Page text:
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It's winter here in the pnw.  I'm going to try a slurry in hopes of spring success. I'm wondering when it's best to spread the slurry? It's supposed to be nearly 50 degrees Fahrenheit this week and I have seen some fruiting already in my yard. does anyone have info on this? thanks.
 
pollinator
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Nicho,

I am having much the same weather as you.  Around here (Southern Illinois),  temperatures should be peaking in the mid 30’s and getting below freezing at night.  For the last month we have had highs in the 50’s and lows above freezing.  I have noticed that my chip beds are really breaking down much faster than at any other time in the 9 months since they were worked into my wood chips.  

My personal thoughts are that if the mushroom slurry is free and you reasonably expect more mild weather, then go ahead.  Hopefully the little spores will start to grow a bit and infect the wood chips.  I don’t think you are going to have major decomposition by spring, but by the time optimal conditions arrive, your fungi will be partially established and get a leg up.  If the worst happens and all the spores die, you could always spread more in the spring.

But I don’t think the spores will die.  I think at worst they will simply go dormant and just sit there.  I am pretty sure this is how things work in nature—growing in fits and starts.  But to err on the side of caution, cover your bed with a layer of straw several inches thick to buffer your ground from temperature fluctuations.

I am experimenting with this myself for the first time this last year and while I have learned a lot about growing fungus In the garden, I am still a neophyte.  These are my recommendations for you, but ultimately, make your own judgement.

I wish you the best of luck and hope you keep us updated.

Eric
 
nicho sinclair
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Thanks Eric. I have decided to wait a little longer. I am nervous about temperatures freezing or below harming the mycelium process. As far as how to make the slurry, I am going to mix spores with purified water, molasses, and salt. Here is a link for the process... http://madbioneer.blogspot.com/2011/02/spore-mass-slurry.html. This is really just an experiment for fun. I do however want to see it be successful! Maybe graduate to inoculating tree stumps. I have seen lots of cool mushrooms growing in a forest nearby and would like to see this world come to life in my yard. There are many chanterelles out here. Hopefully I did a good enough job collecting their spores. I will certainly update later in the spring. I have read that it sometimes can take 6 months or more for them to fruit. So they may come to fruition in the fall. :) Let me know how your project is going.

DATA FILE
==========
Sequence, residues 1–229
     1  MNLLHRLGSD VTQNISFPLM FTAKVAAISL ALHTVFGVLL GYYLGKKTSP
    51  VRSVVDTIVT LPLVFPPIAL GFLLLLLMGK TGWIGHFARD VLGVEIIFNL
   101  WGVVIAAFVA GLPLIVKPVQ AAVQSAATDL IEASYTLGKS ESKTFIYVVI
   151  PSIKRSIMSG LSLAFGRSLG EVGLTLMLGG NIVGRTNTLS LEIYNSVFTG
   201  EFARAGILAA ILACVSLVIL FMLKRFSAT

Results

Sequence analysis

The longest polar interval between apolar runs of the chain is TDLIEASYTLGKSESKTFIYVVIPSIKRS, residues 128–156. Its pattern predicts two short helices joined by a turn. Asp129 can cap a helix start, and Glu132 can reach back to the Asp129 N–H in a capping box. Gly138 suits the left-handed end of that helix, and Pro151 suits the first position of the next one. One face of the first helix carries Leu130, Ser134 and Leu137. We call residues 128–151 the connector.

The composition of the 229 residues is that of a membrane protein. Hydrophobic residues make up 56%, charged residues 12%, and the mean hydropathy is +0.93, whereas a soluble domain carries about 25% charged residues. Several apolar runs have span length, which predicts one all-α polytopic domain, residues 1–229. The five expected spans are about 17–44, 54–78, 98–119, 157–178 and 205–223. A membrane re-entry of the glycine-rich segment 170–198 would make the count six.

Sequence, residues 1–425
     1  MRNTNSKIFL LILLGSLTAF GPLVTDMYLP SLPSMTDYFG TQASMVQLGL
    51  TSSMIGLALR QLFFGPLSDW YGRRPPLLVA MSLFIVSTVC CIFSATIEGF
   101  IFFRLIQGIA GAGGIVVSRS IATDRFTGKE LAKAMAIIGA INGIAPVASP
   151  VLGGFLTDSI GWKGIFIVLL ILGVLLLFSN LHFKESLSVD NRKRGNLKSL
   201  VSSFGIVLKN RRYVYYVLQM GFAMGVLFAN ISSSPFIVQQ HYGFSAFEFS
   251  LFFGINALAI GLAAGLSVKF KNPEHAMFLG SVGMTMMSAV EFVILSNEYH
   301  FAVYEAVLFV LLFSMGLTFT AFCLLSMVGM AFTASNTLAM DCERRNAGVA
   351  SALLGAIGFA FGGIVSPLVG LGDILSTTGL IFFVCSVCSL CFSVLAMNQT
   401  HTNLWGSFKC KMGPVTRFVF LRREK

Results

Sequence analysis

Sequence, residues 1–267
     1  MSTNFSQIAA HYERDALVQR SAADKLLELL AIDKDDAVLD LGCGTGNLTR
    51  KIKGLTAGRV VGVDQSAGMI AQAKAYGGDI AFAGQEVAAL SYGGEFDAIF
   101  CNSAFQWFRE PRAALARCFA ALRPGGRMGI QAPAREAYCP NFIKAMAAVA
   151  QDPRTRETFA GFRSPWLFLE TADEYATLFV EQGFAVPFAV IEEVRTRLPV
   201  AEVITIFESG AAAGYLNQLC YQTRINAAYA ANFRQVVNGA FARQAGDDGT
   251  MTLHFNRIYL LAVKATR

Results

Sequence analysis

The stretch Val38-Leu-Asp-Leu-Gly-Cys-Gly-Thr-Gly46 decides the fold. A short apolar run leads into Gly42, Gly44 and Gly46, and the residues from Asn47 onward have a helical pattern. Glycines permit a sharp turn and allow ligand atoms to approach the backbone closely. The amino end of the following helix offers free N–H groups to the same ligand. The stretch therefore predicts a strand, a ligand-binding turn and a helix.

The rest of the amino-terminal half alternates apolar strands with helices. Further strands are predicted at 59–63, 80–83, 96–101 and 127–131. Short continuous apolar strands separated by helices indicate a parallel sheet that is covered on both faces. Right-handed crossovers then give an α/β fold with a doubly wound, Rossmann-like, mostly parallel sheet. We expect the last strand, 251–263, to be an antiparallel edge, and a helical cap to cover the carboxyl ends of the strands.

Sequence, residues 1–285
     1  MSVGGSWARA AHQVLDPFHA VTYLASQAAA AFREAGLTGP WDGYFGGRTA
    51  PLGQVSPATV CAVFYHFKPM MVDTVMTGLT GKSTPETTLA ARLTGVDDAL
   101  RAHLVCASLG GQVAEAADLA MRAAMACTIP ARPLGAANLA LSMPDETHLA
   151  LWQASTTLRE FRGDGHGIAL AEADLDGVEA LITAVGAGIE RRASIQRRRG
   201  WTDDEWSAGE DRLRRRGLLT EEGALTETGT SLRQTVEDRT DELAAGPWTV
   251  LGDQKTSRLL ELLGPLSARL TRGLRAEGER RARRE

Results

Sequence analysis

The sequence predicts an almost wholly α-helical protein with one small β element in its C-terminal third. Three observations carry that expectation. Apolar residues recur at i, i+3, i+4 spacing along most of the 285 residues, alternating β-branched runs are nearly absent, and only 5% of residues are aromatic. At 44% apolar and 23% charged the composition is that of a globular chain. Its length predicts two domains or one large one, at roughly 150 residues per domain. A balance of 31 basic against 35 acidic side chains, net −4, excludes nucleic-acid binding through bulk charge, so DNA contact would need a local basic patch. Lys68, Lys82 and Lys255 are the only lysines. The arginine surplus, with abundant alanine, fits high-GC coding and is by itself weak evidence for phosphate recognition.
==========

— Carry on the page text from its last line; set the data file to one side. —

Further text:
-nicho
 
Bryant RedHawk
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I would caution you about using salt in a slurry for the purpose of growing fungi.

Salt acts as a desiccant, the exact opposite of what fungi need to thrive.

Sugars like Molasses feed anaerobic and parasitic organisms before they would feed fungi, so it really isn't necessary unless you want to grow certain bacteria and ciliates.

Redhawk

Redhawks soil threads
check these, there is a section on adding mycelium to your soil
 
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Keeping to a single species can be beneficial in certain instances,  such as: building a reed bed water filtration system for gray water, setting up in ground areas for things like king stroph, wine caps, miatakie, etc.  



Interesting! This makes a lot of sense to me, as most reedbeds are wetlands established far from any wetland microbiome. It also brings to mind Stamet's water mycofiltration system(s). Could you elaborate on this, RedHawk? I would very much appreciate it!
 
Bryant RedHawk
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I like to set up reed beds with strips of mycelium of different species starting at the inflow with oysters from there I might go to a line of wood with Jews ear or lions mane inoculant and I always do a final oyster strip that is at least 2 feet wide.
Stament has done such good work that following his methodology will always get good results, all I've been doing is following his lead and testing some tweaks just to see if it is possible to find any way to improve it for nuclear waste water leaks.